What To Expect If Hobby Lobby Wins Religious Freedom Case

Sometime before June 30 — as soon as today, possibly — the US Supreme Court will decide whether a corporation can have religious beliefs.

The Justices are set to rule on whether the Affordable Care Act is infringing on craft store chain Hobby Lobby’s religious rights by forcing the company to provide full contraceptive coverage to its 13,000 workers as part of its health care plan.

Hobby Lobby’s evangelical Christian owners, the billionaire Green family, take issue with four of the 20 FDA-approved methods of birth control mandated under Obamacare: morning-after pills Plan B and Ella as well as two kinds of inter-uterine devices (IUDs, or coils as your mother might have called them).

They believe these to be “potential life-terminating drugs”, although current science does not support that these contraceptives are indeed “abortifacients.”

(You can read more coverage of the Hobby Lobby case, including the Greens’ perspective in their own words, here and here.)

But there’s far more at stake than the rights of women workers to contraception access, according to experts who’ve studied this case and its precedents.

“If the Supreme Court gives corporations rights under the Religious Freedom Restoration Act, it could be a sea change,” said Marci Hamilton, constitutional law expert and author of newly released book God vs. the Gavel: The Perils of Extreme Religious Liberty.

“Hobby Lobby is discriminating against employees who don’t share their faith. This is another step towards filling the workplace with coreligionists.”

Hers is a concern shared by Rev. Barry Lynn, executive director of Americans United for Separation of Church and State.

In a recent teleconference organized by women’s health advocacy nonprofit Catholics for Choice, he described a hypothetical Hobby Lobby victory as “a Pandora's Box with some very ugly creatures flying out.”

“Scientology-believing employers could insist on non-coverage of its nemesis, psychiatry,” he said. “Jehovah’s Witness-owned corporations could demand exclusion from surgical coverage, under the theory that so many of such procedures require the use of whole blood products forbidden by their faith.”

He added that the Religious Freedom Restoration Act now being debated in the Supreme Court was never intended to be used by large companies like Hobby Lobby, which operates 500 stores. Rather, when it was introduced in the early 1990s, it was intended for niche instances like the rights of Muslim firefighters to wear beards or the use of sacramental wine for religious services in otherwise dry counties.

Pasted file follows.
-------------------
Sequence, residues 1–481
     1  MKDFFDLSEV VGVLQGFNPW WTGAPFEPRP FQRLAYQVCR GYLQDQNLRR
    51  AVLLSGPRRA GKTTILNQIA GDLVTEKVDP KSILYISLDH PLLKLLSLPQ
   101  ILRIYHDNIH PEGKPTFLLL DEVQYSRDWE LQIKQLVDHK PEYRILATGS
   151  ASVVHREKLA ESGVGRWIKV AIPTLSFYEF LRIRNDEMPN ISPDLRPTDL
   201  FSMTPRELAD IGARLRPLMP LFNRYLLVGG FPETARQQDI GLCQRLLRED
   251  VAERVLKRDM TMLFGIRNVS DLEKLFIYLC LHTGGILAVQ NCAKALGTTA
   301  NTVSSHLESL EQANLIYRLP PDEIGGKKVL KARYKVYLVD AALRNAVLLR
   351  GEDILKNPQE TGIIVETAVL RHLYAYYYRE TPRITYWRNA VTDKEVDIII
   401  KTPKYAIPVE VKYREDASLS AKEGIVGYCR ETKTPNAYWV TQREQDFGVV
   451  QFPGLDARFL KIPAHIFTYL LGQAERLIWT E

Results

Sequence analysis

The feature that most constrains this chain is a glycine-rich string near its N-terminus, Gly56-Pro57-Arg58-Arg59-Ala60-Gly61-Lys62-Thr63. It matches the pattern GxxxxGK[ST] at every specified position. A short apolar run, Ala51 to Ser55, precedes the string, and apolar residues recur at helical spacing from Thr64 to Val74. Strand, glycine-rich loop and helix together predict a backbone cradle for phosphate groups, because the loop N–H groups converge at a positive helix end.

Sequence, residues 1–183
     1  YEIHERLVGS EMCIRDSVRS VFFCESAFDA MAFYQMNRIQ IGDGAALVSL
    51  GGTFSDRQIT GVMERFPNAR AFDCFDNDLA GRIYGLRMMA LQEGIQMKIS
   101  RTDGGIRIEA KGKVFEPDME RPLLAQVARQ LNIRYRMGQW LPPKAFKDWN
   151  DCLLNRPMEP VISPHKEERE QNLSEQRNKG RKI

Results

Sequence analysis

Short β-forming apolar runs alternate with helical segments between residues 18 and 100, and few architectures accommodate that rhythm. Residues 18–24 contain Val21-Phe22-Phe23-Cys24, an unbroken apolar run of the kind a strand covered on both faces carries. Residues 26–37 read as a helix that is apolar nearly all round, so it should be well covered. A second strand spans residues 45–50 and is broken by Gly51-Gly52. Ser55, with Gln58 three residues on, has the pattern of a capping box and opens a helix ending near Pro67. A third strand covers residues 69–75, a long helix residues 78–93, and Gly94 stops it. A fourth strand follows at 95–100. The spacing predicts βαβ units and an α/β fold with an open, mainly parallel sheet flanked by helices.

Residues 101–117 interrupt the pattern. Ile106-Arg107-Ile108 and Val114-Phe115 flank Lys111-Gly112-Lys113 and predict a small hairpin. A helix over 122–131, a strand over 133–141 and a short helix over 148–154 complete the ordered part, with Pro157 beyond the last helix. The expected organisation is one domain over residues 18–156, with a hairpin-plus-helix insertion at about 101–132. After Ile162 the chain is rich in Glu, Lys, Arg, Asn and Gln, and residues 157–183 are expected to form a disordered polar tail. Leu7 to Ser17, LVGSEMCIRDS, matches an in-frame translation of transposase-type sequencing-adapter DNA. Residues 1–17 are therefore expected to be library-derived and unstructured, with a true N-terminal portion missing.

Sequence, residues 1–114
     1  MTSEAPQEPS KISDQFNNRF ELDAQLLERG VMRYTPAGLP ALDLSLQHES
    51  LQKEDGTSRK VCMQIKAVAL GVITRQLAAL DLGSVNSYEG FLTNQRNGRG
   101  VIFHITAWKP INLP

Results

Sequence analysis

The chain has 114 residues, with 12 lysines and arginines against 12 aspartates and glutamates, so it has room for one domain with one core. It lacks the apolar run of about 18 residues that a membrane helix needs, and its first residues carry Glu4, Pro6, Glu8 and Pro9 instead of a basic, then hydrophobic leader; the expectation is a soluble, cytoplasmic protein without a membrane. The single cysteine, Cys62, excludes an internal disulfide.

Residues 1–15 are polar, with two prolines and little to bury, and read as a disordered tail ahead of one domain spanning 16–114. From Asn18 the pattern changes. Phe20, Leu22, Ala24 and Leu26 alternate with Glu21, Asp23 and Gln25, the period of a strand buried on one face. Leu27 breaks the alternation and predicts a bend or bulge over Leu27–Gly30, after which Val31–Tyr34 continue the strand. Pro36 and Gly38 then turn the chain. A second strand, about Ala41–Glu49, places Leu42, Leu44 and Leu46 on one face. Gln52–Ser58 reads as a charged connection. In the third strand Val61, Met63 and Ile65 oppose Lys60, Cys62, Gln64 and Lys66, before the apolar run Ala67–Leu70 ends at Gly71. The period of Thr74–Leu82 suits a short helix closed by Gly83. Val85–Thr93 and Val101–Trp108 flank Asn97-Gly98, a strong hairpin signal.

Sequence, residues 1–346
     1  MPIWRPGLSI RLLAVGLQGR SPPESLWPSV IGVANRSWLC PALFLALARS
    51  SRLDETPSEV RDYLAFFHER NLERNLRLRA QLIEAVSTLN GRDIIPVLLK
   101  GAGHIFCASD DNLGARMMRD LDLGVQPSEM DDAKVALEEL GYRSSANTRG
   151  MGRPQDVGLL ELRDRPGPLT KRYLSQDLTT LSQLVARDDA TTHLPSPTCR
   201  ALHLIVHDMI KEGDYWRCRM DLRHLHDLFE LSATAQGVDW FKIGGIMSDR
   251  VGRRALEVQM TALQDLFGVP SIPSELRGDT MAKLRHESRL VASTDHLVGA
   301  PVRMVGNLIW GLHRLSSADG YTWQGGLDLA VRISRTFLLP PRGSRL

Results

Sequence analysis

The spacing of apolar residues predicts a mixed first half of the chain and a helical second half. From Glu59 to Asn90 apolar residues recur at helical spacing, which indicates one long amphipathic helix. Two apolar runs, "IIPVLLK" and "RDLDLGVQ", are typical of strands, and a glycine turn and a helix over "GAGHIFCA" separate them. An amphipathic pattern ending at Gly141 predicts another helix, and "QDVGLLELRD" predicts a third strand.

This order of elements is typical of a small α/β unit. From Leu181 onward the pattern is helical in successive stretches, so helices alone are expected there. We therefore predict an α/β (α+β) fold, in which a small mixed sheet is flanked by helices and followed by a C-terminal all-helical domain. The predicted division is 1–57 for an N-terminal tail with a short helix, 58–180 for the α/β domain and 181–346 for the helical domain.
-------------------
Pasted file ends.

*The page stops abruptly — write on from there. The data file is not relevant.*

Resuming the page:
“If anyone had suggested that a national chain of for-profit craft stores employing over 10,000 people could use this statute to avoid coverage of contraceptives in an insurance plan, it would have been a shot heard round the world,” Lynn said.

Catholics for Choice associate Meghan Smith described a Hobby Lobby victory as “tomorrow’s civil rights disaster,” adding that it could become commonplace for employees to fire workers for, say, being single and pregnant or using IVF, both of which are contentious in some religions.

“These cases are just the tip of the iceberg when it comes to the debate surrounding religious freedom in this country,” she said. “We believe ensuring equal access to contraceptive coverage guarantees women’s religious liberty rights.”

Hamilton believes a Hobby Lobby victory could result in “an explosion” of similar court cases. “The demand for religious liberty is insatiable, especially for groups who are proselytizing,” she said. “You’ll have people saying, ‘of course I can’t have a divorced woman who got an abortion on staff.’”

She added that corporations could decide they’re complicit in sin in providing a salary to support a family led by a gay couple. For-profit companies would be shielded in much the same way as Catholic charities are now, in that the law protects them if they refuse to facilitate adoptions for same-sex couples.

Both Hamilton and Lynn see a danger in allowing the Green family to violate the separation of church and state should they win their case.

“Hobby Lobby does not in any real sense engage in the exercise of religion as part of their functioning,” said Lynn. “The garden gnome cross stitch kits are not religious icons.”

He added that David Green’s personal evangelism doesn’t make Hobby Lobby a religious organization.

Hamilton’s concern lies in the Supreme Court essentially conceding that the four forms of birth control in question cause abortions, which they do not according to all current science on the matter. She added that many women use these contraceptives for medical issues entirely separate from family planning.

“The Greens are arguing that their beliefs determine medical science,” she said. “You cannot let them be the scientists.”